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What Is Secondary Asbestos Exposure?

A middle-aged industrial worker is seen intensely focused on operating or repairing machinery in a factory setting.

Asbestos is a naturally occurring mineral once widely used in construction and manufacturing. While the dangers of direct asbestos exposure are well-documented, secondary exposure remains a lesser-known but equally serious concern.

If you have developed a health condition due to asbestos exposure, it's important to understand your rights and potential legal options. Read on to learn what secondary exposure is and how an asbestos attorney from our law firm can help you pursue a claim.

What is the difference between secondary and primary asbestos exposure?

Primary asbestos exposure occurs when someone directly handles asbestos-containing materials or works in environments where asbestos fibers are present in the air. This typically affects workers in industries such as construction, shipbuilding, and automotive repair.

Secondary asbestos exposure, on the other hand, happens when someone comes into contact with asbestos fibers without directly handling asbestos-containing materials. This can occur by having frequent contact with someone who has been directly exposed or through environmental contamination. This type of exposure is often associated with family members of workers who directly handle asbestos-containing materials.

Other examples include:

  • People living near asbestos mines, factories, or construction sites that use asbestos materials.
  • Using products that contain asbestos, such as older hair dryers, ironing board covers, or certain talcum powders.
  • Living in areas with naturally occurring asbestos deposits or in buildings with deteriorating asbestos-containing materials.
  • Being present in a home garage while someone works on older car brakes or clutches that contain asbestos.
  • Students and staff in older school buildings where asbestos-containing materials are deteriorating.

Who is most at risk for secondary asbestos exposure?

Family members of asbestos workers, particularly those employed before the 1980s, face a higher risk of secondary asbestos exposure. Wives who laundered their husbands' work clothes and children who greeted their parents returning from work in contaminated clothing were especially vulnerable.

Communities located near asbestos mines or manufacturing facilities have also shown higher rates of asbestos-related diseases due to environmental exposure. Additionally, occupants of older buildings may also be at risk if the asbestos-containing materials are in poor condition or disturbed, particularly those constructed before the 1980s when asbestos use was more common.

What health risks are associated with secondary asbestos exposure?

Secondary asbestos exposure can lead to the same health risks as primary exposure, albeit with a typically longer latency period. The most severe asbestos-related diseases include:

  • Mesothelioma: Mesothelioma is a rare and aggressive cancer affecting the lining of the lungs, chest, abdomen, or heart.
  • Lung Cancer: Asbestos exposure significantly increases the risk of lung cancer, especially in smokers.
  • Asbestosis: This is a chronic lung disease characterized by scarring of lung tissue, leading to breathing difficulties.
  • Other respiratory issues: Secondary asbestos exposure can also lead to pleural plaques, pleural thickening, and pleural effusions.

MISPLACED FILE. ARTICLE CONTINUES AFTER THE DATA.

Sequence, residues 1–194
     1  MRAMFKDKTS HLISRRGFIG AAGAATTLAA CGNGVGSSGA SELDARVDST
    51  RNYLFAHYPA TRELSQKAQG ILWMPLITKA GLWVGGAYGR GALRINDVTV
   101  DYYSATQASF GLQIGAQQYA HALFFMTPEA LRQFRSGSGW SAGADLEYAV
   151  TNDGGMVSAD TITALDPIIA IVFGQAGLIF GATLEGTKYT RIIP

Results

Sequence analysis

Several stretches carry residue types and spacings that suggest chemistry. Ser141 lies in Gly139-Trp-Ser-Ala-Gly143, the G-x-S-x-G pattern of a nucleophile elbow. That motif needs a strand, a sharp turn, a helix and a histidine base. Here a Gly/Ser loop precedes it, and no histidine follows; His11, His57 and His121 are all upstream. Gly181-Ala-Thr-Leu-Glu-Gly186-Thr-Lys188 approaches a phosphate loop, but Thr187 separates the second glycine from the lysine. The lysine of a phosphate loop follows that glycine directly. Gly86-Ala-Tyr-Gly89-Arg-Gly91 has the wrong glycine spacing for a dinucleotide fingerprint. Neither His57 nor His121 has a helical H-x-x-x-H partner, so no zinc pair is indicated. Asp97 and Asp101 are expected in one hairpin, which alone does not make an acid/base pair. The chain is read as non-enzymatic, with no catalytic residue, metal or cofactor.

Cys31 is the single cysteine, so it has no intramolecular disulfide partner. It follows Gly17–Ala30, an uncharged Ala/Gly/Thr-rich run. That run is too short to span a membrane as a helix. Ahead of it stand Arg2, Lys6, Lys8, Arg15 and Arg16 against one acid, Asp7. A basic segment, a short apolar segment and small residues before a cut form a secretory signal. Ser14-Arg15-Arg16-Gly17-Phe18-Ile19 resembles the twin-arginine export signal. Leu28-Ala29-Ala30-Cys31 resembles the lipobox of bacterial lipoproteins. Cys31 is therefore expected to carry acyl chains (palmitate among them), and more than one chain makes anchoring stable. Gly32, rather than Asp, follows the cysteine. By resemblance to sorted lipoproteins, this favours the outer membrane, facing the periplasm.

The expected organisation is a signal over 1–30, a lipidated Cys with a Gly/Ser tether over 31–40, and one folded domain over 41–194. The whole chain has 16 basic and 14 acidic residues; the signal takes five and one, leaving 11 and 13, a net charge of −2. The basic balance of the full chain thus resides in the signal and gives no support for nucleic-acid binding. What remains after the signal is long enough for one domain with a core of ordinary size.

How is secondary asbestos exposure detected?

Detecting secondary asbestos exposure can be challenging due to the long latency period of related diseases. Diseases associated with asbestos often take 20 to 50 years to develop after exposure.

However, environmental testing can help identify the presence of asbestos fibers in homes or workplaces. For those concerned about past exposure, medical screenings (including chest X-rays and pulmonary function tests) can help detect early signs of asbestos-related diseases.

How can you prevent secondary asbestos exposure?

Preventing secondary asbestos exposure involves taking the following measures:

  • Workplace safety measures: Strict regulations now require proper protective equipment and decontamination procedures for workers handling asbestos.
  • Proper handling of contaminated clothing: Those who work around asbestos should change out of work clothes before leaving the workplace and ensure these clothes are properly cleaned or disposed of.
  • Home safety precautions: In older homes, it's important to be aware of potential asbestos-containing materials and to hire professionals for any renovations or removals.

What are your legal options if you're affected by asbestos exposure?

If you or a loved one has experienced secondary asbestos exposure, don't wait to seek justice. You may be entitled to compensation, even if your exposure happened decades ago. Billions of dollars are available in asbestos trust funds and through legal claims. These funds are intended to cover medical expenses, lost wages, pain and suffering, and other damages for exposure victims.

An experienced asbestos attorney at the Ferrell Law Group can help determine all possible sources of exposure and identify who may be liable. We can also handle all legal paperwork and negotiate for a maximum settlement on your behalf. Our track record of success is proven in our case results, including:

  • $5 million for an oil worker who developed mesothelioma due to asbestos exposure.
  • $4.7 million for a woman who suffered mesothelioma due to indirect exposure to asbestos.
  • $2.8 million for a military veteran who suffered health complications due to asbestos exposure.

Time limits apply, so don't delay. Contact us today for a free, no-obligation consultation. Get the answers and advocacy you deserve.

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